Tesla and Google lead the way in electric vehicle infrastructure push

Global innovators Tesla and Google have announced plans to accelerate the growth of commercial electric vehicles (EVs) by launching new schemes aimed at increasing the infrastructure options available to consumers.

Tesla are offering free charging appliances for car owners, while Google begin tests on wireless charging EVs

Tesla are offering free charging appliances for car owners, while Google begin tests on wireless charging EVs

As leading EV producers, Tesla has announced a new roll-out scheme to offer Tesla owners the ability to charge their vehicles at home for up to 28,000 miles over a 3 year period, free of charge.

The scheme - currently being trialled in Sweden where Tesla has experienced a 270% increase in sales – sees Tesla team up with Swedish electric utility Skellefteå Kraft to supply Supercharger networks across the country as well as installing home charging ports.

Tesla’s director for Nordic countries Peter Bardenfleth-Hansen said: “Skellefteå Kraft is a highly sustainable brand that really stands out approaching the world’s contemporary challenges. It requires motivation, creativity and perseverance.

“We like partners with a strong maverick profile. With this agreement, our Swedish customers can enjoy even more environmentally friendly electricity, free of charge, whilst we at Tesla can look forward to our first energy company partnership that can serve as a role model for how to build sustainable partnerships in the future.”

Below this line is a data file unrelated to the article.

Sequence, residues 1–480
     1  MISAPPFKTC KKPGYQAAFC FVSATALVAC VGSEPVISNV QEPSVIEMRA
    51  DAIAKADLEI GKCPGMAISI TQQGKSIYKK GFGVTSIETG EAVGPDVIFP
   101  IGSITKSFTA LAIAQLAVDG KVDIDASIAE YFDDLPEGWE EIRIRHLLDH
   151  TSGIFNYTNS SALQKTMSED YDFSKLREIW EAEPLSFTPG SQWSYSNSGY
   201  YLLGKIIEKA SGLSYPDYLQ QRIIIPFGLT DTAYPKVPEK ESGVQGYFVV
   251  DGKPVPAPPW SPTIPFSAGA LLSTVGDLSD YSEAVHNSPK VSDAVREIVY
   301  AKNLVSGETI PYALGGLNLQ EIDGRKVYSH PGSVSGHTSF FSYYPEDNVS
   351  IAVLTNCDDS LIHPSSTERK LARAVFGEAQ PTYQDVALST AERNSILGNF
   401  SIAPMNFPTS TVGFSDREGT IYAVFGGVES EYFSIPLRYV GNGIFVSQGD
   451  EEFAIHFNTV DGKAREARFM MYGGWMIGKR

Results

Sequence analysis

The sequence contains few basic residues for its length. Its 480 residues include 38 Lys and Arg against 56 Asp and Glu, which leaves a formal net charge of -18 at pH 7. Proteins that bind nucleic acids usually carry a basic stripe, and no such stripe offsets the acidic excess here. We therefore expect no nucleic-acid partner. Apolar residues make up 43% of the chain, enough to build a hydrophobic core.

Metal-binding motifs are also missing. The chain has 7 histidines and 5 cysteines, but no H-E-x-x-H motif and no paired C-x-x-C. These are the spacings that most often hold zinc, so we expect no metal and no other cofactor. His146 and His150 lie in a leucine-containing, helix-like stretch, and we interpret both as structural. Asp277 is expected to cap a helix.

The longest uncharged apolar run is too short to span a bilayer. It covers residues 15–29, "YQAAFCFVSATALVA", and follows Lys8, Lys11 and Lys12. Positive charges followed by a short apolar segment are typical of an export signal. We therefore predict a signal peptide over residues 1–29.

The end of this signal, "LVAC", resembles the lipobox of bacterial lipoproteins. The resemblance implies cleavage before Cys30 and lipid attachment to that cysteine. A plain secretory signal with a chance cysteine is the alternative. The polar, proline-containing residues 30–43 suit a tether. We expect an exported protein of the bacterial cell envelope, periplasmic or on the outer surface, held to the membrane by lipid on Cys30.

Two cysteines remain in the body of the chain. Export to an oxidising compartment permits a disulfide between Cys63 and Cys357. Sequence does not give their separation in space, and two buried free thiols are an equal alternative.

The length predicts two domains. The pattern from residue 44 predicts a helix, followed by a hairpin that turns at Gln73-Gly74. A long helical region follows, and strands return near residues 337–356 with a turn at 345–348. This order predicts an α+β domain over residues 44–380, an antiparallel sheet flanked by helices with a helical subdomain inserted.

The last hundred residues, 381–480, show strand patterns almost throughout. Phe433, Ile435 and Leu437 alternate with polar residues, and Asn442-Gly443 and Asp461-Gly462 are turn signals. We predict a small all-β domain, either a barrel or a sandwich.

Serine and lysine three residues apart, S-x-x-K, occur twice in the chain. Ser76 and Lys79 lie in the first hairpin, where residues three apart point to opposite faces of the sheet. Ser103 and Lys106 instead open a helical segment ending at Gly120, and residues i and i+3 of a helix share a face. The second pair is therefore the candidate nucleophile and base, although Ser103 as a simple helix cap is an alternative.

Wireless wonder

Web giant Google could potentially go one step further by introducing a wireless charging system for its autonomous, self-driving car concept.

Documents filed at the U.S. Federal Communications Commission (FCC) reveal that Google has been using California as a testing site for two wireless charging systems for its prototype vehicle.

Currently, all prototype cars using the experimental systems are recharged using traditional cable EV charging points.

The ideology behind the idea is that the self-driving vehicles would be positioned over charging pads between travel. Ultimately more infrastructure would need to be put in place to allow the car to continuously charge along the road.

Research suggests that without new infrastructure, one third of UK local power networks could be overloaded if EVs become a mainstream motoring choice. However Innovate UK has claimed that EVs offer a "car park of energy storage" for UK network companies after 2025.

The rev-enant

In other EV news, Volkswagen has also been ramping up its EV ambitions in at attempt to recover from the ‘dieselgate’ fiasco. The German car manufacturer recently revealed its intentions to release the world’s first high-volume, mass market electric car.

The newly installed CEO, Dr Herbert Diess is planning an EV with a range of at least 186 miles as part of a huge new ‘innovation plan’ for the company.

The unnamed EV looks set to use similar technology as the upcoming, electrified, eighth-generation VW Golf, although VW aim to make the cost much more affordable.

Matt Mace


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